If ever a river were defined by extremes, surely it is the Amazon. Though
its channel may be second in length to the Nile, by every other measure
the Amazon is the world’s greatest river. This grandiose waterway
is defined by superlatives (widest, fastest, etc.), as is its watershed. The
Amazon basin gives rise to biological riches found nowhere else on Earth.
Interspersed among the river’s vast tributaries sit rich deposits of minerals
and oils. Indigenous peoples still live in the basin’s upper reaches,
unassimilated into the Western world. Many of the Amazon’s tributaries
flow through lush, impenetrable jungle. Over millions of years, abundant
rainfall, consistent warmth, and an enormous drainage basin have created
one of the most wondrous habitats on Earth.
Consider the superlatives to which the Amazon lays claim:
• The Amazon discharges more water into the ocean than any
other river. Some 5 million cubic feet (142,000 m³) of Amazon
water enter the Atlantic every second. This is five times the
rate of its closest competitor, the Congo, and 12 times that
of the mighty Mississippi. Overall, the Amazon contributes almost
one-fifth of all river water that empties into the oceans
each year. Along with water, it dumps 3 million tons of sediment
a day into the Atlantic.
• The Amazon draws water from more square miles of land than
any other river, with a drainage basin that easily dwarfs all others.
This one river pulls water from an area of 2.6 million square
miles (6.8 million km²), or more than one-third the continent
of South America. In fact, the Amazon’s watershed dwarfs its
nearest competitor, the Congo, by a factor of two.
• The Amazon gives rise to more branches than any other waterway—
so many its tributaries have never been fully counted.
Estimates exceed 1,000.
• This monstrous river system has more miles of tributaries than
any other river in the world. Three of the Amazon’s branches
are longer than 1,850 miles (3,000 km) and major waterways
in their own right. A full seven of its tributaries span more than
1,000 miles (1,600 km). Overall, its tributaries are so intricate
and numerous that hydrologists cannot even agree whether the
Amazon is a 12th- or 13th-order stream.
• The Amazon draws water from both hemispheres, a feat no
other major river can claim.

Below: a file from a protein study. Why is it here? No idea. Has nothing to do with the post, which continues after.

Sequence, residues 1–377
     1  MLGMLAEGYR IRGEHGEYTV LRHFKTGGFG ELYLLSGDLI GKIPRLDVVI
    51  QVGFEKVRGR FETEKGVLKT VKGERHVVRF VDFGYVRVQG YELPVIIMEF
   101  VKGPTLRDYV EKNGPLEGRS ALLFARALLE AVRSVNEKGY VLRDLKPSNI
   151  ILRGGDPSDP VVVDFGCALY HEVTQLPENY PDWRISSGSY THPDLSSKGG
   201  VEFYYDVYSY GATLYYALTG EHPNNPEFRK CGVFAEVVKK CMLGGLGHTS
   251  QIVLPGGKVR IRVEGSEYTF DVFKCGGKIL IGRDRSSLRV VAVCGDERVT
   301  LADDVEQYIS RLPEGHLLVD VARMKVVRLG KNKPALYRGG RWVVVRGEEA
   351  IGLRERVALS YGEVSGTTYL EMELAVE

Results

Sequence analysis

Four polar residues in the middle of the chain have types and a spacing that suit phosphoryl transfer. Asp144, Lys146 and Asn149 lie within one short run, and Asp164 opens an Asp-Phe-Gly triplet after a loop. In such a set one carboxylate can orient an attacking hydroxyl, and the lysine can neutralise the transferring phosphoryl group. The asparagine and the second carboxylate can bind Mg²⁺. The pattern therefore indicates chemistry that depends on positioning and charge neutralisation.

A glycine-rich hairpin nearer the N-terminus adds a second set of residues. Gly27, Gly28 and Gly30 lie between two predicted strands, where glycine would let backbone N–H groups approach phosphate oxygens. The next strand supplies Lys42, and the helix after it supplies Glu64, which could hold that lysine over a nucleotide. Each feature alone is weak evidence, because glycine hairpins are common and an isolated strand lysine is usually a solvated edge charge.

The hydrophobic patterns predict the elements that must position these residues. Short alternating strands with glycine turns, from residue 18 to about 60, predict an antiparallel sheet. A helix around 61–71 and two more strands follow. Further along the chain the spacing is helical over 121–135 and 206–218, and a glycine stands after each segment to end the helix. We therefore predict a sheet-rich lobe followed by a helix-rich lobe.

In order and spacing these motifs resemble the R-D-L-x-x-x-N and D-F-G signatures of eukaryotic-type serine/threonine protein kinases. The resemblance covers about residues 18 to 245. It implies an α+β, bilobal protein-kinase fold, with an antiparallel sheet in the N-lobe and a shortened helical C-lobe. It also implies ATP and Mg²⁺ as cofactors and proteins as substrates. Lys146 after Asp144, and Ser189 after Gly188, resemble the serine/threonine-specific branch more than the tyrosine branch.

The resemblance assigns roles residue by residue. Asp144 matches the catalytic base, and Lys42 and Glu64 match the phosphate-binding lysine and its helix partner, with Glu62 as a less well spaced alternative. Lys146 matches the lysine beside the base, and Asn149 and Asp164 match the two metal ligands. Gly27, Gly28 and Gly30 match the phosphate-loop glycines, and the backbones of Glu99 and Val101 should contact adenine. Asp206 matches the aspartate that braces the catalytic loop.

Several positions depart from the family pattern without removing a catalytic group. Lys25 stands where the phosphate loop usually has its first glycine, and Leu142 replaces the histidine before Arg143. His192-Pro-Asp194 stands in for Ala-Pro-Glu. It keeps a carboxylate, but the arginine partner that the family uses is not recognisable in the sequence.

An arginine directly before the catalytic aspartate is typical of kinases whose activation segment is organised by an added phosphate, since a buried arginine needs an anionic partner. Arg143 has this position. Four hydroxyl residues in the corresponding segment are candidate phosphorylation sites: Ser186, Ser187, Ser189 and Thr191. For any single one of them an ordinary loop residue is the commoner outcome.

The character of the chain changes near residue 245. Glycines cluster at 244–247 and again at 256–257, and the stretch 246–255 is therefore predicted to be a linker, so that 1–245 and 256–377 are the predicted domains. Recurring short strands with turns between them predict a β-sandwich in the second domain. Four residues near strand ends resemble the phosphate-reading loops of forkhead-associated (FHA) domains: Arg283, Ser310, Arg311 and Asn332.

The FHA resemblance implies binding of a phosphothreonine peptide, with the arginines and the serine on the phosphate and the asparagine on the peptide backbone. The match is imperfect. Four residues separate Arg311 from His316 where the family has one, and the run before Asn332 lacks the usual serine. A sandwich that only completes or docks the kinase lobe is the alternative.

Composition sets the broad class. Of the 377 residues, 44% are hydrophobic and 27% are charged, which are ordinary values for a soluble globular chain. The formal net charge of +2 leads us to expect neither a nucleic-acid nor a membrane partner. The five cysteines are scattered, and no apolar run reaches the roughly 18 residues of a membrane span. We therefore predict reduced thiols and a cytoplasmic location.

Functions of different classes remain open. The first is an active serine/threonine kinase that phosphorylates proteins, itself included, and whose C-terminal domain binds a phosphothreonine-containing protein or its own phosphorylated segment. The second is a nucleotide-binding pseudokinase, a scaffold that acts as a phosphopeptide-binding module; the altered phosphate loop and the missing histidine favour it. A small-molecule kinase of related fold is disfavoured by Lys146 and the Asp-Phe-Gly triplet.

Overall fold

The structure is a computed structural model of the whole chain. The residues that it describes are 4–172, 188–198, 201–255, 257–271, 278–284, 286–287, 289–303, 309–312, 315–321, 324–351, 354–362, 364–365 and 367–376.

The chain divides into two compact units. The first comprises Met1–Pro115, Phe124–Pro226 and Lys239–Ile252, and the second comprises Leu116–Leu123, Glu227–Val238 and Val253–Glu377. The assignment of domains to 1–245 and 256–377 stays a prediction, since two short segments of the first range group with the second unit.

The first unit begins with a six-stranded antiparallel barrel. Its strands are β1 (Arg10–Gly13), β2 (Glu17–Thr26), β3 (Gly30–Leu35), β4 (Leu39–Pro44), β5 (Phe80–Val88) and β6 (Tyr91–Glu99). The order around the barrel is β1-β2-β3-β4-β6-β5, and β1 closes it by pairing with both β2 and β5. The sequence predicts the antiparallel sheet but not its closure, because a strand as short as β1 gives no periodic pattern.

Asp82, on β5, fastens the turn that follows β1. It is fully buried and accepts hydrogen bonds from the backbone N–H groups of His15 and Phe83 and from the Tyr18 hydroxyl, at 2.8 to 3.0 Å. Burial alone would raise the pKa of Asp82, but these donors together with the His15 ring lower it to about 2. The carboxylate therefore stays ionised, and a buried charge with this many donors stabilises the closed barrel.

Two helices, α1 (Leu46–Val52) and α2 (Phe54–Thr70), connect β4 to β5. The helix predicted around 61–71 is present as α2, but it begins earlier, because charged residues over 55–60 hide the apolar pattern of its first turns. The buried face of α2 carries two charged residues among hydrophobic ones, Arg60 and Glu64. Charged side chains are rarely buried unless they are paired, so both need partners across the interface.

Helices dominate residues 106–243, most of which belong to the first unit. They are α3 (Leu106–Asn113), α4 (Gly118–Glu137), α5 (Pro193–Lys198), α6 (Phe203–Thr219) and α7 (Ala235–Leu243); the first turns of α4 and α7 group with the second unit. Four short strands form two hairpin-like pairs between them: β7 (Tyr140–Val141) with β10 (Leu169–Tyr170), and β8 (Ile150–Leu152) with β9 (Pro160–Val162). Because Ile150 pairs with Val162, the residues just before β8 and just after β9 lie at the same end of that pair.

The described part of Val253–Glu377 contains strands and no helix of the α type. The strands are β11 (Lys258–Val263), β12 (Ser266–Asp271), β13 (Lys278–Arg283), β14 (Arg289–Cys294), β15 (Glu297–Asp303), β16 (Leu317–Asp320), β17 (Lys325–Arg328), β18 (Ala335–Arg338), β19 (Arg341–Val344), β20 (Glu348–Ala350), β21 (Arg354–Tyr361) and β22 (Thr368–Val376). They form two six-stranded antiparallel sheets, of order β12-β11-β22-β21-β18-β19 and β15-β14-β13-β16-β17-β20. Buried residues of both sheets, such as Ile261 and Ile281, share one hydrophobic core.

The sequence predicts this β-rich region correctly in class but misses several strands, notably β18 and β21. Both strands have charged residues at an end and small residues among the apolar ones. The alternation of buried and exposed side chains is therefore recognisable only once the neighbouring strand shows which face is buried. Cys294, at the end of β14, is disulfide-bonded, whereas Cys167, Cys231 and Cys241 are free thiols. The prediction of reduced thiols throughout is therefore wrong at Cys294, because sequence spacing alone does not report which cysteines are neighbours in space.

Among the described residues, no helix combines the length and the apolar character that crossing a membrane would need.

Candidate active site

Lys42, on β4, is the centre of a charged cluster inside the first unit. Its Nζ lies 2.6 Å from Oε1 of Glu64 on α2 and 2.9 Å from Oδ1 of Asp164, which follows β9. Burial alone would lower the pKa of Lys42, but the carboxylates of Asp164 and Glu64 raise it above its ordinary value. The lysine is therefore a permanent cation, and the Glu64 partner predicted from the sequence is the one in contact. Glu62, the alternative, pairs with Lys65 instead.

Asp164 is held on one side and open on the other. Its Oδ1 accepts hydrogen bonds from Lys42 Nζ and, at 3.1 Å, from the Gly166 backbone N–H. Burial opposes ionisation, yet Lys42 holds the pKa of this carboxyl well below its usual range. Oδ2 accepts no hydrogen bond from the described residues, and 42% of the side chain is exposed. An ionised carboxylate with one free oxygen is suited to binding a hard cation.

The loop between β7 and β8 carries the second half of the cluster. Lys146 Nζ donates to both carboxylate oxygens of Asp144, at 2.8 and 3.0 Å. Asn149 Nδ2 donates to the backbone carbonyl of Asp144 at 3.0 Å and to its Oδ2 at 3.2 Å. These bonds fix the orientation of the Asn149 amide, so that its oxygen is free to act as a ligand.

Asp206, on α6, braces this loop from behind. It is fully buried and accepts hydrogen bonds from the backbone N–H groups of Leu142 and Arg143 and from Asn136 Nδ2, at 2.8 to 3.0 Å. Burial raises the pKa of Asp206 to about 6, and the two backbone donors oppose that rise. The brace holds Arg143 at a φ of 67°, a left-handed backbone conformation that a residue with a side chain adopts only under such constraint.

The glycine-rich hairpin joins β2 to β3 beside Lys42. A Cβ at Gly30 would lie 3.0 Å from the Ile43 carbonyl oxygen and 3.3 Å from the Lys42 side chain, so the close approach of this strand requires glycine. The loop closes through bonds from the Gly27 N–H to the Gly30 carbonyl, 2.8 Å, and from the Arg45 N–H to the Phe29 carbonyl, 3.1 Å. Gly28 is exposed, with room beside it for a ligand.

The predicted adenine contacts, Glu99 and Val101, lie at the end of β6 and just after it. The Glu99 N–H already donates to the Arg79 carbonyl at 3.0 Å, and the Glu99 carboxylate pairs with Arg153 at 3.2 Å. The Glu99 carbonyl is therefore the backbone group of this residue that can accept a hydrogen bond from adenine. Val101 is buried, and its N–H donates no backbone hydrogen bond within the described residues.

The Amazon River drains from a bigger area and has more miles of tributaries than any other river. From its source in
the Peruvian Andes to its discharge in the Atlantic Ocean, the mighty river travels some 4 ,000 miles (6,437 km).
26 G Rivers
• The river passes through the largest remaining tropical rain forest
This great South American waterway is extraordinary in other ways.
To begin with, its full length—from source to sea—has never been verified.
While some accounts give the river a length of 3,900 miles (6,400
km), others say it could be 4,200 miles (6,759 km) long, which—if
true—would make it slightly longer than the Nile.
The Amazon certainly carries more water than the Nile: 60 times
as much, in fact. When it comes to width, the Amazon also emerges as
the hands-down champion. Flowing through soft sediments on its way
to the ocean, the channel becomes so broad in places that it resembles
a great lake more than a river. For a full 250 miles (402 km) before
reaching the Atlantic, the Amazon runs 50 miles (80 km) wide; at its
mouth, it expands to some 200 miles (322 km). Unlike most rivers,
which are either wide (and slow-moving) or deep (and fast-moving),
the Amazon is both. Its depth reaches as much as 120 feet (37 m) in
places, and overall, the channel is much deeper than the narrower and
Such a navigable channel makes the Amazon welcoming to large
ships and freighters. Oceangoing vessels easily sail upstream as far as
Iquitos, a town some 2,300 miles (2,700 km) from the coast. In this regard,
the Amazon is also unparalleled; no other river in the world allows
large (3,000-ton) seafaring boats to go so far upriver.
Also remarkable is that the Amazon remains reasonably unspoiled,
a fact no doubt related to its enormity. Not only are its waters among
the cleanest of the world’s major rivers but its main stem remains undammed.
Origins of the Amazon
Hundreds of millions of years ago, when South America and Africa were
one landmass, the Amazon emptied, not into the Atlantic as it does today,
but into the Pacific. Over the next 100 million years, as a result of continental
drift, the continents moved apart, and the river became smaller.